In March, Minneapolis-based Norton Motorcycle Company (NMC), previously operating as Freedom Motorcycles, announced that it had changed its name to Viper Motorcycle Company and released all trademark rights to the Norton brand in exchange for what company officials described as an undisclosed amount of cash and an end to all existing and pending litigation.
Freedom Motorcycles first acknowledged its plan to begin operations as NMC in August 2002. In explaining the recent decision to drop the Norton name, John Fiebelkorn, president and CEO of Viper Motorcycle Company, said ongoing federal court proceedings and related litigation made the status of the trademark too risky and uncertain to continue operations under the Norton brand.
So what happened to the Norton name and all of the associated trademark rights?
“Actually, I own the (Norton trademark) rights for the entire planet,” says Kenny Dreer, president and founder of Norton America, LLC, Gladstone, Ore. “It’s an extremely convoluted case, but Norton America, in February 2003, in court moderated negotiations, acquired the North American rights from five co-parties — including the group from Minnesota.”
In fact, following the recent deal for the North American rights, Dreer now owns the unencumbered Norton trademark rights for the U.S., Canada, England, France, Spain, Portugal, Italy, Germany, Poland, Czech Republic, Holland, Belgium, and what he calls a “slew of those ex Soviet Bloc countries.”
Dreer spent more than a decade restoring and customizing classic European sport motorcycles in Oregon under the name Vintage Rebuilds, Inc. In 1999, demand for his product appeared when Cycle World featured his custom-made Norton VR880 in a cover article. While the VR880 was simply a modified 30-year-old motorcycle, Dreer says numerous inquiries and 50 sold units bolstered his belief that the Norton brand could thrive.
“My involvement in the whole process initially started from a cease and desist order that was fired off to me following the Cycle World article in Sept. 1999,” Dreer says. “Little did anyone know that, four years later, we would own the marks.”
A tortured history
Dreer’s ownership of the Norton rights was a long and hard-fought battle. In fact, the federal court judge who presided over the case called it one with a “tortured history” that “involves a web of interconnected individuals, companies and transactions.”
In the late 1990s, a company called Norton Motors International (NMI) attempted to bring back the Norton brand. While there were a number of people involved — including, for a time, Fiebelkorn – court records show NMI was controlled by a Vancouver-based business named the Aquilini Investment group.
NMI’s bid to build a Norton motorcycle failed, however, and so, on April 7, 1999, NMI transferred all of its assets to a company called Norton Acquisition Corporation (of which Roberto Aquilini was a director).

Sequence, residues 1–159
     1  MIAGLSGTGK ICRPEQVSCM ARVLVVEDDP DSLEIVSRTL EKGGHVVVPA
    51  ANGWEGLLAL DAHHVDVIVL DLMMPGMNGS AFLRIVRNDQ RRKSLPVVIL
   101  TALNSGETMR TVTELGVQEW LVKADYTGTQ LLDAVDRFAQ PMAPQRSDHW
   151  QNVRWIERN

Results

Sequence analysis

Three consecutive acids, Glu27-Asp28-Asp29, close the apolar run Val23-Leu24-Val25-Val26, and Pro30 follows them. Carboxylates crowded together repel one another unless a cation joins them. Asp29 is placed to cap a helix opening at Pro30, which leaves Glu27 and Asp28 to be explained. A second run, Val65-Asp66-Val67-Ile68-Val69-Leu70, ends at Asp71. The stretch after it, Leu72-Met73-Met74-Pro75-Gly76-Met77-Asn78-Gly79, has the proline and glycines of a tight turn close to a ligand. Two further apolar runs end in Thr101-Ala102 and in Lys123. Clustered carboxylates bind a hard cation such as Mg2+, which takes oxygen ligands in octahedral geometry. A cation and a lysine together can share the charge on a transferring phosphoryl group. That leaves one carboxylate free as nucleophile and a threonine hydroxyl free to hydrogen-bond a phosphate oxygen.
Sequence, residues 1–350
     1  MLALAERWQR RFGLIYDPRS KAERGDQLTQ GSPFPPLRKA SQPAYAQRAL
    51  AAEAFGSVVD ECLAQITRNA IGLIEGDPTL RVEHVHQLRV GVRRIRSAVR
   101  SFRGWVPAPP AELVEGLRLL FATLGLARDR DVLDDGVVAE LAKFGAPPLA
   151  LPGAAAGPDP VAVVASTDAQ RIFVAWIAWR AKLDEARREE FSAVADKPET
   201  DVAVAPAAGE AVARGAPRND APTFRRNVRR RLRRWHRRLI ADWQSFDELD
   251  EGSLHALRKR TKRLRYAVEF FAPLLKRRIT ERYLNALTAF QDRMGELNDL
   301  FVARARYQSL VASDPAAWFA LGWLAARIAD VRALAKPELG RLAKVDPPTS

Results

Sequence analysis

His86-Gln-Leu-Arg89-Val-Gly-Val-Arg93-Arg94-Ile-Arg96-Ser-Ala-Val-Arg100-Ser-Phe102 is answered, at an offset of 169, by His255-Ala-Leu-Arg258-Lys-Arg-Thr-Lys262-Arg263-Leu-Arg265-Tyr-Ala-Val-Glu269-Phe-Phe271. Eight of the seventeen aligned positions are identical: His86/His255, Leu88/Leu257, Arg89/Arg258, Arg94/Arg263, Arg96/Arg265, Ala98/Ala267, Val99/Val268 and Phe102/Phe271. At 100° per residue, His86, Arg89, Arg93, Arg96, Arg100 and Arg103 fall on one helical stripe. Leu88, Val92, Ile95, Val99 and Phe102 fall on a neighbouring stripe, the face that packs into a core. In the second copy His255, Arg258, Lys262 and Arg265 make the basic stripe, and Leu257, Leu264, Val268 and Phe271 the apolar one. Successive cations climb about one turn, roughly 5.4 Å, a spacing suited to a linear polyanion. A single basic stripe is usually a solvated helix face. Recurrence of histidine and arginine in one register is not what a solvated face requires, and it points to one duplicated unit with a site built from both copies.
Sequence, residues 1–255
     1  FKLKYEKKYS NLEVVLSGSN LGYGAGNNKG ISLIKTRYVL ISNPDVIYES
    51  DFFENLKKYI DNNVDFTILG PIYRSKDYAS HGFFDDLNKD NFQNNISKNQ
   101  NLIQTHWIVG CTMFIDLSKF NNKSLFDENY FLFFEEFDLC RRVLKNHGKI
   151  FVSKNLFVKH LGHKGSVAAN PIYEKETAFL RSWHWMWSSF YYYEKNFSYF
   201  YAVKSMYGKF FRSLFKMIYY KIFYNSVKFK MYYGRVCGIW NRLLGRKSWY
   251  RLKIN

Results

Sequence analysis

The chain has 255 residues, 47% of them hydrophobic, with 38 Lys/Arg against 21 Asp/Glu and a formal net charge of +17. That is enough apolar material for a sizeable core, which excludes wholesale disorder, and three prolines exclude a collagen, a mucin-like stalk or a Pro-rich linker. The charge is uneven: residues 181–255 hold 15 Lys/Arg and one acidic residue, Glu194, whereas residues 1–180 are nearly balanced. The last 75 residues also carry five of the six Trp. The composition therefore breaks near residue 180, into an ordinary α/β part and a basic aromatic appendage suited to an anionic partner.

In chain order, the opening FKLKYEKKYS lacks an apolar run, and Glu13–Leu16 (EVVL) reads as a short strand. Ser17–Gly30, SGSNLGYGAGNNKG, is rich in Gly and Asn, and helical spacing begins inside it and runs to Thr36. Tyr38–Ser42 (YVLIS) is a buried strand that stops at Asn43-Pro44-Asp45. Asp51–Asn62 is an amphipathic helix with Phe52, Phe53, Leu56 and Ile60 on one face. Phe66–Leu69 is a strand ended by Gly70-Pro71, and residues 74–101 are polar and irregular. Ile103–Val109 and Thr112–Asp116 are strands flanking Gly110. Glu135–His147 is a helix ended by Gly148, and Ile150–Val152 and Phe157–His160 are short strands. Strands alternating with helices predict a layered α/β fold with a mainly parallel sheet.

On April 16, 1999, Norton Acquisition transferred all of its assets to Hallmark Properties, another Aquilini-controlled company. In exchange for the assets, Norton Acquisition acquired about 85% of the stock in Hallmark Properties and changed the firm’s name to Norton Motorcycles, Inc. Roberto Aquilini remained involved.
At that point, the story becomes a quagmire of court orders, motions, judgements and appeals involving Aquilini and his businesses, as well as a number of other former NMI shareholders and directors.
Then, in the middle of the ongoing court battle, on July 24, 2002, Vancouver-based Global Coin, Inc., a company owned and partly spearheaded by Roberto Aquilini, entered into a license and purchase agreement with Fiebelkorn’s Freedom Motorcycles. The deal would have allowed Freedom to obtain license rights to the Norton marks in North America and England with an option to purchase the marks for $2.5 million.
But who actually owned, and had the rights to sell, the Norton trademark rights following the failure of NMI?
“If you went to the U.S. patent office, you would have found that the Norton rights were filed with Global Coin,” says Terry Nesbitt, vice president of sales and marketing for Viper Motorcycle Company (formerly NMC). “So, we never had any doubt that what we purchased from the Aquilinis was real.
“But, because of a federal judge allowing yet another round of federal lawsuits, and although we purchased the trademark rights in a legitimate fashion, we decided it was no longer in our best interest to proceed with the matter.”
For the record, Nesbit says the Aquilini Group never had any management responsibilities in Freedom, NMC or Viper.
While Freedom Motorcycles, Global Coin, and others spent 2002 debating ownership of the Norton trademark rights, Norton America began development of what it named the Norton 952 Commando. Now, with the Norton name and associated worldwide rights firmly in place, Dreer’s goal, he says, is to have 100 of the completely proprietary Commandos for sale by early 2004.
“We have a five-year plan,” he told Powersports Business. “We are currently funding up, but we do plan to build a multiple model line-up off of a core platform. We are already starting to conceptualize additional, modern-based Norton, but they are still three or four years down the road.
“We’re not going to make any outlandish promises, but the Commando is up, it’s running, and it’s going through actual road testing and data acquisition analysis right now.”
Copyright 2003 Powersports Business